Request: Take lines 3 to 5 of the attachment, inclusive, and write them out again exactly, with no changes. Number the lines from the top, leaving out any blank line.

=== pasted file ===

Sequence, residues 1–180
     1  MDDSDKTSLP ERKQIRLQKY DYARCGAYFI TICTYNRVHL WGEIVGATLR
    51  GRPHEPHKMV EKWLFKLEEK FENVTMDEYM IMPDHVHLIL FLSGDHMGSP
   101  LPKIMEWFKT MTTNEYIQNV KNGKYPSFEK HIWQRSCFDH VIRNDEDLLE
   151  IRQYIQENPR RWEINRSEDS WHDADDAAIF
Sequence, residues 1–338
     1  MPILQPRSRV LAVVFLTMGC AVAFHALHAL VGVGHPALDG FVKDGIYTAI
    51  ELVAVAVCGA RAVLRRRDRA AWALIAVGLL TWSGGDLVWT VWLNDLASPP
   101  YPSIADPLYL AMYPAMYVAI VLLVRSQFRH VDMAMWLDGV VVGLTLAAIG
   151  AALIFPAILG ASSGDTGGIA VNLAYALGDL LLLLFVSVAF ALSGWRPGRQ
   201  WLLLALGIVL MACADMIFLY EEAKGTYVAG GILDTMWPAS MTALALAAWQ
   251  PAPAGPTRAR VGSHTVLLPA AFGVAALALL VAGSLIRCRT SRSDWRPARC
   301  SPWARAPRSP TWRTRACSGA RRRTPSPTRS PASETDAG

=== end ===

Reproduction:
    51  GRPHEPHKMV EKWLFKLEEK FENVTMDEYM IMPDHVHLIL FLSGDHMGSP
   101  LPKIMEWFKT MTTNEYIQNV KNGKYPSFEK HIWQRSCFDH VIRNDEDLLE
   151  IRQYIQENPR RWEINRSEDS WHDADDAAIF